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Pizza delivery is a fun gig, especially for those of us who love to drive while bumping hot jams. ("I [Drove] Myself Crazy" - don't judge). Unfortunately for drivers, many pizza places now tack on a "delivery charge" of a buck or two, which some customers mistake for an automatically-included gratuity. For those restaurants that do not split that fee with the drivers, that means the drivers get shafted.
Matt Luiken was one of those drivers. He worked for Domino's, which -- at the time -- charged a $1 per delivery fee. He sued on behalf of all similarly-situated pizza boys, claiming that the big D withheld these fees from the drivers illegally, as per Minnesota law, they are tips.
Under Minnesota law, tips are the sole property of the server. (Hands off, chef!) A mandatory fee, such as the hated pizza delivery fee, is a gratuity when it "might reasonably be construed by the [customer] as being a payment for personal services rendered by an employee and for which no clear and conspicuous notice is given by the employer to the [customer] that the charge is not the property of the employee."
The fee was charged to customers. For many orders, it might have been somewhere in the neighborhood of an appropriate tip. (If you ignore gas prices and Minnesota winters, you stingy jerks!)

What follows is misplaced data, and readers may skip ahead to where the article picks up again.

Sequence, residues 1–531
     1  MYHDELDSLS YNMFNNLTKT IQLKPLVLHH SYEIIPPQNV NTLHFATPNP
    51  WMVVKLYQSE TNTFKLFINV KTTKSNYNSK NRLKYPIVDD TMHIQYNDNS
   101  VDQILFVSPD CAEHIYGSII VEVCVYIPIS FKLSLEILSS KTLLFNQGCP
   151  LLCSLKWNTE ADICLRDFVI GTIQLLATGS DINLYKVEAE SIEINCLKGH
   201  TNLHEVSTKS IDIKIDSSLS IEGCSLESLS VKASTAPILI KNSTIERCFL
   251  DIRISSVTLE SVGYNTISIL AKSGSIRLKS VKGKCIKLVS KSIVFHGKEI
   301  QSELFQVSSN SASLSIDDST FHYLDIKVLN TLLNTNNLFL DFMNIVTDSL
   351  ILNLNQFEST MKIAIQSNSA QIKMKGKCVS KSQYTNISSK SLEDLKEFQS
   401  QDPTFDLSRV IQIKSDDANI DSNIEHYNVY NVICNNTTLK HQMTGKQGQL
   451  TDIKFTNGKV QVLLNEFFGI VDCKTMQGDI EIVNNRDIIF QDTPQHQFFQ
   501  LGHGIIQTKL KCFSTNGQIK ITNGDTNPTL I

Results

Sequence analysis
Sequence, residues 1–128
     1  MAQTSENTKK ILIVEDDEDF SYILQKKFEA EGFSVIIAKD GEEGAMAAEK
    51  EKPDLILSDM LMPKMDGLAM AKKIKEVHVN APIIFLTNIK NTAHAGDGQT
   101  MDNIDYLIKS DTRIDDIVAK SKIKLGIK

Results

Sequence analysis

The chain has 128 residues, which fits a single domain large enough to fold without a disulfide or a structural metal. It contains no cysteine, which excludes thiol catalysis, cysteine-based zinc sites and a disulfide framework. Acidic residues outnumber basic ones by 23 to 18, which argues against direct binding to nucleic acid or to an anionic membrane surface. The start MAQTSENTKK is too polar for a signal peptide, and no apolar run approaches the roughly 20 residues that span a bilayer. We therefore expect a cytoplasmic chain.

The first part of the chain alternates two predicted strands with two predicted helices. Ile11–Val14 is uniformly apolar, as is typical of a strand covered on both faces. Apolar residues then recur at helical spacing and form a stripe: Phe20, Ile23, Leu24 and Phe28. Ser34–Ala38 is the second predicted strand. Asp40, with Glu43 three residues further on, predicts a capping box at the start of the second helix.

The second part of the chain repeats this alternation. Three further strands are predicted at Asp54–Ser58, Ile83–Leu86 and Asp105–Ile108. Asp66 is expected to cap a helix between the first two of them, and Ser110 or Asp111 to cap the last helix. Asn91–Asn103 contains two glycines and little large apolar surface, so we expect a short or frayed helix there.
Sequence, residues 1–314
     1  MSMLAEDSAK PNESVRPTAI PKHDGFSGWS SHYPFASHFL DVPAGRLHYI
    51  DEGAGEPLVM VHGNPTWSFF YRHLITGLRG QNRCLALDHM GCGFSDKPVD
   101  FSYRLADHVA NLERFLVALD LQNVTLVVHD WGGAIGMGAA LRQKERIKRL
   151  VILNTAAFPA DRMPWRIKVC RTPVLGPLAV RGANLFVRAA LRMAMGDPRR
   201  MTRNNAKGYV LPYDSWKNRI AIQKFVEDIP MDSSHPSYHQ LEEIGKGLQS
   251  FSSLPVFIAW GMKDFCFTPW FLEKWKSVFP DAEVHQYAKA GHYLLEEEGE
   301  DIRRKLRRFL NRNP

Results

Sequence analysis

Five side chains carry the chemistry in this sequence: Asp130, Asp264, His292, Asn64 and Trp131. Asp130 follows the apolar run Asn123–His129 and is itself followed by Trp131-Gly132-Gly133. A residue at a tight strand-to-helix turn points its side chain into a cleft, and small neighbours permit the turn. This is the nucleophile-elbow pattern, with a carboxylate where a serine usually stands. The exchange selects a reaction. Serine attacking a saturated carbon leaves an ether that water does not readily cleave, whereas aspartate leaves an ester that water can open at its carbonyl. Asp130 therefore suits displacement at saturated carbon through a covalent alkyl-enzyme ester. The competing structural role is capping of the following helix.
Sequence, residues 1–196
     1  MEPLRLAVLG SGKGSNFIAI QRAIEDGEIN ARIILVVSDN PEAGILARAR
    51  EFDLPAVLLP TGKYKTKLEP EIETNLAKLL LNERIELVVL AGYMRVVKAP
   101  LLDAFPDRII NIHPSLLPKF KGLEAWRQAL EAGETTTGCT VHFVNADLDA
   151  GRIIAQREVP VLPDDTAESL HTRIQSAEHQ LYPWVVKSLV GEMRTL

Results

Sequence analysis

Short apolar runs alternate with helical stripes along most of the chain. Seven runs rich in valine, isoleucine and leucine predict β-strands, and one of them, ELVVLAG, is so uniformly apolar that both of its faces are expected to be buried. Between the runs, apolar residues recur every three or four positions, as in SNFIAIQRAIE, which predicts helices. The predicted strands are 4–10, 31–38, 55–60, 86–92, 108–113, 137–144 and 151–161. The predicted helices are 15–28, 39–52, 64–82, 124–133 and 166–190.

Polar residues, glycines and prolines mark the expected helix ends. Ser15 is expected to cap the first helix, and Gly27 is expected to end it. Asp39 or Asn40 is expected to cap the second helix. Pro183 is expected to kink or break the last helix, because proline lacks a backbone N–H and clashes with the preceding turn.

Domino's notice might also have been inadequate, as it was posted to online orders and may have sometimes been mentioned to customers. Other times, it wasn't. Some drivers spoke up. Others didn't. In 2009, pizza boxes were labeled with additional disclosure, but who reads the box when they can smell that delicious barbeque chicken, right?
Some customers got the message, some didn't, and some pretended not to because they were too cheap to tip.
But that's the rub, class certification-wise. "Commonality requires the plaintiff to demonstrate that the class members have suffered the same injury." Drivers with loose lips seeking tips, weren't similarly injured to their more meek mates. Even Luiken sometimes disclosed the purpose of the fee and sometimes remained silent.
That means the class of drivers contains the quietly injured, the assertive compensated, and the similarly-sometimes-stiffed for tips. Commonality is killed and so is class certification.
But is that really fair? Delivery drivers were similarly injured by either having to beg like Oliver Twist for more tips please, or remain silent and stiffed because the purpose of the fee wasn't universally disclosed to the customers. Does each driver now have to press their claims individually because some spoke up and others stuffed their mouths with pizza instead?